So ye see lad, while you may think that Priests make great lovers, ye best be takin’ your reasons to Davey Jones locker!

Yarrrrr!

Why Druids are the Best (and Worst) Lovers

Why Druids are the Best (and Worst) Lovers

I’ve decided to take up Matticus’s challenge from yesterday and put in my own personal bid for which class makes the best lovers.

If variety is the spice of YOUR life, then you simply must find yourself a druidic lover today. While I’m sure warlocks, and mages, and priests, can light your fire too, nothing beats a druid for sheer, er, flexibility. However, when things go wrong with your druid lover, they go very wrong. Join me for a look at the the pros and cons of a little walk on the wild side.

5 reasons to take a lonely tree home with you:

1. You’ll never be bored.

We can tank, dps, and heal, sometimes all at once! You want it, we’ve got it. Let a druid draw you in with her Entangling Roots. By the time she gets to Flourish, you’ll be hooked for good.

2. Druids are champion cuddlers.

We may look ferocious (not hard to accomplish while we’re tanking things with our face), but deep down inside, every druid is a fuzzy, snuggly kitten. Especially recommended for frosty mornings and rainy afternoons by a roaring fire.

3. We’re animals in the bedroom.

No really, we are. Let your imagination run wild.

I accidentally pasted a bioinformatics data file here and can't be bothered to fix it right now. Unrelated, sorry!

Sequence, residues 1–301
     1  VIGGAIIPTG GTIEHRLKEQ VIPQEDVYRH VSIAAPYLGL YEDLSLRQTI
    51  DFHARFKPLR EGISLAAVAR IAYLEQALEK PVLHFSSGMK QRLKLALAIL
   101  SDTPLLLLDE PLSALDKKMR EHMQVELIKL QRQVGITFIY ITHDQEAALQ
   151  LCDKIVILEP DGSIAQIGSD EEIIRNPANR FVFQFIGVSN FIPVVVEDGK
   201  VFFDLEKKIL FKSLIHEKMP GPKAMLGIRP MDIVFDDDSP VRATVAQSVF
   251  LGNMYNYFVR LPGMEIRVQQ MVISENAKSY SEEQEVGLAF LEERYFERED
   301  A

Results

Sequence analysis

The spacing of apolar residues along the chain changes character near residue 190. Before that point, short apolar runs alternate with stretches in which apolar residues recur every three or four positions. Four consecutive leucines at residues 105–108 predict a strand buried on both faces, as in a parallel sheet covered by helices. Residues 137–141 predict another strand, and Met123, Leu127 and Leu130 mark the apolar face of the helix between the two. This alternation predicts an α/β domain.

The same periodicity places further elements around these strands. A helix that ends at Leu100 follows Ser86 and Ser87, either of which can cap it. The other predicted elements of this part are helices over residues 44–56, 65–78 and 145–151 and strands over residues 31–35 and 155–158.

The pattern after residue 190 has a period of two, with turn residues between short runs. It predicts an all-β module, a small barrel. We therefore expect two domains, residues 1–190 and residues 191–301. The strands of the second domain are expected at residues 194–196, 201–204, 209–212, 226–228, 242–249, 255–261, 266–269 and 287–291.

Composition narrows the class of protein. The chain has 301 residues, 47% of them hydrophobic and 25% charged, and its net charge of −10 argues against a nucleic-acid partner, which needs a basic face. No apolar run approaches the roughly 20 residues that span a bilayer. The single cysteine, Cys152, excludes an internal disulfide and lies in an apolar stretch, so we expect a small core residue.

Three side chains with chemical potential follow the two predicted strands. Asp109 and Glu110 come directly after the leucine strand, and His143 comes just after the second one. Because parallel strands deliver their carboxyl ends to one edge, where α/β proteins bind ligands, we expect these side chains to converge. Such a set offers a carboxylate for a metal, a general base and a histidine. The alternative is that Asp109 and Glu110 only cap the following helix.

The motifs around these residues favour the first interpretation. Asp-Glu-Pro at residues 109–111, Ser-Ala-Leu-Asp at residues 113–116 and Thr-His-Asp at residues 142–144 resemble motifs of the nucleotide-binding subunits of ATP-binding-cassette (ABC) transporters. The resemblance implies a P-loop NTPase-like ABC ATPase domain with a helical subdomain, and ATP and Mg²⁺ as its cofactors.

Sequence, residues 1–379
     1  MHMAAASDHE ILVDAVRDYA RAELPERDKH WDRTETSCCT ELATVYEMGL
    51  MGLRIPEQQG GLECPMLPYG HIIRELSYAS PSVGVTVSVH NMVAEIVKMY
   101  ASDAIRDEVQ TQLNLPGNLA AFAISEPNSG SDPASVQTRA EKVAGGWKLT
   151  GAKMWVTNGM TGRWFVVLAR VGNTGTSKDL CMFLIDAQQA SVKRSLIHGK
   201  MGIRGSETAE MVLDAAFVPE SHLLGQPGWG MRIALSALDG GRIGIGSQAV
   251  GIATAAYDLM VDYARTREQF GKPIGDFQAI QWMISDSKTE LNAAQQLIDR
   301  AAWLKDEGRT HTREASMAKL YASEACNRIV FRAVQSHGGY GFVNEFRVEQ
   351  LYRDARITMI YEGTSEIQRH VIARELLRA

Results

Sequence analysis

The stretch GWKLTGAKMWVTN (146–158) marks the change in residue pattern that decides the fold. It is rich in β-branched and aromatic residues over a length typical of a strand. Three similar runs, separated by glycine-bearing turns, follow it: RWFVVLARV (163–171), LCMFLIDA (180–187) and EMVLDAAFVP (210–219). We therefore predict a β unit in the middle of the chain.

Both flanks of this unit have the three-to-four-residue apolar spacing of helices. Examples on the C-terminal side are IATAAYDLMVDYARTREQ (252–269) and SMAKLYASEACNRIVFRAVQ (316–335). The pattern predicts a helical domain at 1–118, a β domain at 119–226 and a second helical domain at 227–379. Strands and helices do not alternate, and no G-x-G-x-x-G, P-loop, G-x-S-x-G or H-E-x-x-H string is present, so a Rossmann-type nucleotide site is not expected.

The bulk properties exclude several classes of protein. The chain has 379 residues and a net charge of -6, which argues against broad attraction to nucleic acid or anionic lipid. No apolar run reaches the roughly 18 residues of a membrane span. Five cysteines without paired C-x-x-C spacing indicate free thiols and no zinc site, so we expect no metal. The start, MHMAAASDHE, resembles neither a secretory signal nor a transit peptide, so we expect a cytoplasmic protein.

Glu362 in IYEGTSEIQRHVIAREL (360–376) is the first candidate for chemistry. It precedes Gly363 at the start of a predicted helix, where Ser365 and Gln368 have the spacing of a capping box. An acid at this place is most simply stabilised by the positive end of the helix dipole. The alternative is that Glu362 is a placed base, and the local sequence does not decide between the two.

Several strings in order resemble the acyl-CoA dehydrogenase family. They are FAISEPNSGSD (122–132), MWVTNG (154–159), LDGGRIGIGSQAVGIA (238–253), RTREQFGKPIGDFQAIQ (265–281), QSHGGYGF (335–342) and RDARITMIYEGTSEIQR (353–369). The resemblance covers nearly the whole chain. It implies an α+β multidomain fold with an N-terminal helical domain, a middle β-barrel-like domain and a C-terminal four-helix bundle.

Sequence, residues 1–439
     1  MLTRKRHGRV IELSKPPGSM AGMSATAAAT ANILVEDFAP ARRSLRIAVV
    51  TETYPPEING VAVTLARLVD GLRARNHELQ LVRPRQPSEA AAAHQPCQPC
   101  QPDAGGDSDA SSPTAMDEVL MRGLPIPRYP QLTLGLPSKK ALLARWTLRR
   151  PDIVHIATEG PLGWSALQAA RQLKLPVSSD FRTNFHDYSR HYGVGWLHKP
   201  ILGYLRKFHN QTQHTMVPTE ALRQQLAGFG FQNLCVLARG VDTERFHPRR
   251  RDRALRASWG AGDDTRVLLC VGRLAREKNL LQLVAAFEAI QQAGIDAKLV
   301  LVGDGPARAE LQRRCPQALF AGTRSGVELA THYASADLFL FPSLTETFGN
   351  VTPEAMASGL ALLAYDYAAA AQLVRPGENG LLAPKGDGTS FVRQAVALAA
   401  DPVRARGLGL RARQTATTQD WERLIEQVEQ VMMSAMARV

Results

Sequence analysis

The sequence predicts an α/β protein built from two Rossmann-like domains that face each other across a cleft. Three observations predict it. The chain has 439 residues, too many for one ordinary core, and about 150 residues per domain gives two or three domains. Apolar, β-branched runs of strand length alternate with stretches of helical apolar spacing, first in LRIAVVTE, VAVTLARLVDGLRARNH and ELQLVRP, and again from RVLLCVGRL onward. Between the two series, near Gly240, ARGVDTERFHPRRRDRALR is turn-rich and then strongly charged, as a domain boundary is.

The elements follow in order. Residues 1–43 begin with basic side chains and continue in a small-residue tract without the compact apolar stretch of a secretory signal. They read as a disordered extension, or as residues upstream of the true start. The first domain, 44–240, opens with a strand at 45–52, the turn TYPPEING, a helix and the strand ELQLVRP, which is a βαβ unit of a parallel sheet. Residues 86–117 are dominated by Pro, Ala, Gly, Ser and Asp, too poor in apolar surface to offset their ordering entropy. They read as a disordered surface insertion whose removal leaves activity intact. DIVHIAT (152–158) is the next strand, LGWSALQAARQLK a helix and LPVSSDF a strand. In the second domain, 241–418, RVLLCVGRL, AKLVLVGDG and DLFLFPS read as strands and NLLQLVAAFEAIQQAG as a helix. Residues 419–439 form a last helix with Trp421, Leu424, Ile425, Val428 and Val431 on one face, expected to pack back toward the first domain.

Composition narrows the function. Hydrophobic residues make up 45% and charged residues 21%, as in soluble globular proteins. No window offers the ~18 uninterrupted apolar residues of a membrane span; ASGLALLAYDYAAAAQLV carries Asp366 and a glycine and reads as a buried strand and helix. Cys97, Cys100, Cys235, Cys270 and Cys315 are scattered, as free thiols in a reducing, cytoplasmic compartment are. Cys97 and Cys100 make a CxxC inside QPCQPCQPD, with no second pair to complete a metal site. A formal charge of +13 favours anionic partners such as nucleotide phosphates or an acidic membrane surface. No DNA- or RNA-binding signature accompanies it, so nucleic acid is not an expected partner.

4. Druids are very grounded.

Our roots go deep, and we like to stay where we’re planted. We don’t like to show off either. Even if we have fancy cars and flashy clothes, we’re the same old bear we’ve always been since level 10. That means we’re the ideal candidate for dinners with Mom & Pop or a night out with your buddies.

5. We don’t cause drama.

Animals are a lot less complicated than people, and plants even less so. Your druid lover gets a measure of inner peace from spending so much time in one of his simpler forms, and that serenity will make your relationship much less conflict-ridden.

5 reasons to leave that bear at the zoo where he belongs:

1. A leopard can’t change his spots, and a cheetah is always a cheetah.

Blame it on our bestial natures, but it’s hard for us to shake our natural instincts. If your druid lover has been up to any naughty tricks in the past, you’ll have to keep him on a short leash.

2. Druish grooming habits differ greatly from those of the human population.

Yes, we think that lichen growing on our boughs is attractive. Little bird’s nest by my left ear? That’s an accessory. And don’t even get me started on the bears. What do you THINK they roll around in when no one’s looking? If you don’t enjoy that musky, woodsy fragrance, I’d suggest a druid who specializes in melee dps. After all, kitties at least attempt to give themselves a daily bath.